Oct 30, 2018

Resource misallocation as a mediator of fitness costs in antibiotic resistance.

BioRxiv : the Preprint Server for Biology
Andrej TraunerSebastien Gagneux

Abstract

Antimicrobial resistance poses a threat to global health and the economy. It is widely accepted that, in the absence of antibiotics, drug resistance mutations carry a fitness cost. In the case of rifampicin resistance in fast-growing bacteria, this cost stems from a reduced transcription rate of the RNA polymerase resulting in slower ribosome biosynthesis. However, this relationship does not apply in the slow-growing Mycobacterium tuberculosis, where the true mechanism of fitness cost of rifampicin resistance as well as the impact of compensatory evolution remain unknown. Here we show, using global transcriptomic and proteomic profiling of selected M. tuberculosis mutants and clinical strains, that the fitness cost of rifampicin resistance in M. tuberculosis is the result of the physiological burden caused by aberrant gene expression. We further show that the perceived burden can be increased, effectively suppressing the emergence of drug resistance.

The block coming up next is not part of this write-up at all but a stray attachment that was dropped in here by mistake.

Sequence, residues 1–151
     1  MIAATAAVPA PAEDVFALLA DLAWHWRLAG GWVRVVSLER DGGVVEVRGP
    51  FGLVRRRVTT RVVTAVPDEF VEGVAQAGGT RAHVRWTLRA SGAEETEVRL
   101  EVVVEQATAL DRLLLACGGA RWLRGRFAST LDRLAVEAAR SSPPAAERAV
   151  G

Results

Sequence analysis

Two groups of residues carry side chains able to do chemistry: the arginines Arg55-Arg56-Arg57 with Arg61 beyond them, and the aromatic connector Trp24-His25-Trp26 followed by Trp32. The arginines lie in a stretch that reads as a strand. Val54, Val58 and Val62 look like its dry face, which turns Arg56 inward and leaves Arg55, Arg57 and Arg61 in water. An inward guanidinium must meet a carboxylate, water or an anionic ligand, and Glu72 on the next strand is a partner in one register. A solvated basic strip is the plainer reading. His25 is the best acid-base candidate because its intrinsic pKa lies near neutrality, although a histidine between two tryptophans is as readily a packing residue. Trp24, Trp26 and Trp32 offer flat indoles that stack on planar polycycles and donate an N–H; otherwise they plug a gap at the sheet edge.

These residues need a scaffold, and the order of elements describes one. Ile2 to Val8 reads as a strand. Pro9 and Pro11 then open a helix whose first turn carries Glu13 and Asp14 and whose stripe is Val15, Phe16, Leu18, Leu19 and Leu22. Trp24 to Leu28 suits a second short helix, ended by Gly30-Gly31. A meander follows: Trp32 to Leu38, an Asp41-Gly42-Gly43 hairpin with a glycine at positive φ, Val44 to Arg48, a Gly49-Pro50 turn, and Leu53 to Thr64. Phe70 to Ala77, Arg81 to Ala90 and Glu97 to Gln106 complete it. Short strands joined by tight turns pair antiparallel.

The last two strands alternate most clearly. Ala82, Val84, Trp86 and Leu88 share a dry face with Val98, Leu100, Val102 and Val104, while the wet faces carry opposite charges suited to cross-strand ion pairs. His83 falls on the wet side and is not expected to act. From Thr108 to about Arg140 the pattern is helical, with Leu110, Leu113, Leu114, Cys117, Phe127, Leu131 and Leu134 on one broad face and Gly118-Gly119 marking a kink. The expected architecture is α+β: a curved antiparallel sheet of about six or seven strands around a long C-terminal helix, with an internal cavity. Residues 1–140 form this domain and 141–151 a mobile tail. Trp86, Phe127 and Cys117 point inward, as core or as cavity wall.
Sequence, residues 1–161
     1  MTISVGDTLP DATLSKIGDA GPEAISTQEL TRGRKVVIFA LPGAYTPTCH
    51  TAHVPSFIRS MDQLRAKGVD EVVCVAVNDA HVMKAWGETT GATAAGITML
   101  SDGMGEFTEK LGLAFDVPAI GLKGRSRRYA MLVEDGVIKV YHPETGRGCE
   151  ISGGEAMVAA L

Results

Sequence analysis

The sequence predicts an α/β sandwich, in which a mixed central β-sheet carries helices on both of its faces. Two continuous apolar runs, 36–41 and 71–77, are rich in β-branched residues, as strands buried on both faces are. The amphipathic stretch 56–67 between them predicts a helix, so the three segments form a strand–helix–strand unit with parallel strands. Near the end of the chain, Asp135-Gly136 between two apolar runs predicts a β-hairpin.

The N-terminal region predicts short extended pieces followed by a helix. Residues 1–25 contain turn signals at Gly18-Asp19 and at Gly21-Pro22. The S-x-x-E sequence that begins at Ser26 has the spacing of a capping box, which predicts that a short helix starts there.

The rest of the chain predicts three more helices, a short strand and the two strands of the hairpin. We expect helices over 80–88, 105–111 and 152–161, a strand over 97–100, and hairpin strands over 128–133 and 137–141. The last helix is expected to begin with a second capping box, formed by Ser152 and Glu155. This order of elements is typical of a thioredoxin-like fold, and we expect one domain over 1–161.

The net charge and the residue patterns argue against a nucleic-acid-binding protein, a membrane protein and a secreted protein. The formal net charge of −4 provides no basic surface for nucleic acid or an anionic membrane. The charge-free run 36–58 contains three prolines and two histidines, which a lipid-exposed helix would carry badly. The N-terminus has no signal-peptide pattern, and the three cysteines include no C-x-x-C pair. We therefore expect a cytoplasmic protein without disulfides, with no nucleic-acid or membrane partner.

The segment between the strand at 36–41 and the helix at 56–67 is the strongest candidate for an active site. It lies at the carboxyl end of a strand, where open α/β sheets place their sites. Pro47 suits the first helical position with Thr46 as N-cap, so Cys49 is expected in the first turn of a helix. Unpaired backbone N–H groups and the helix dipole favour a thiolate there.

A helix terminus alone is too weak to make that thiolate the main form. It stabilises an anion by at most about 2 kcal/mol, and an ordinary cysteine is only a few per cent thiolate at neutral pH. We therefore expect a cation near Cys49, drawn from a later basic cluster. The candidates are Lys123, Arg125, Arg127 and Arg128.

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Mentioned in this Paper

Biochemical Pathway
Tuberculosis
DNA-Directed RNA Polymerase
Transcription, Genetic
Gene Mutation
Gene Expression
Erosion Lesion
Proteome
Superficial Ulcer
Ribosomes

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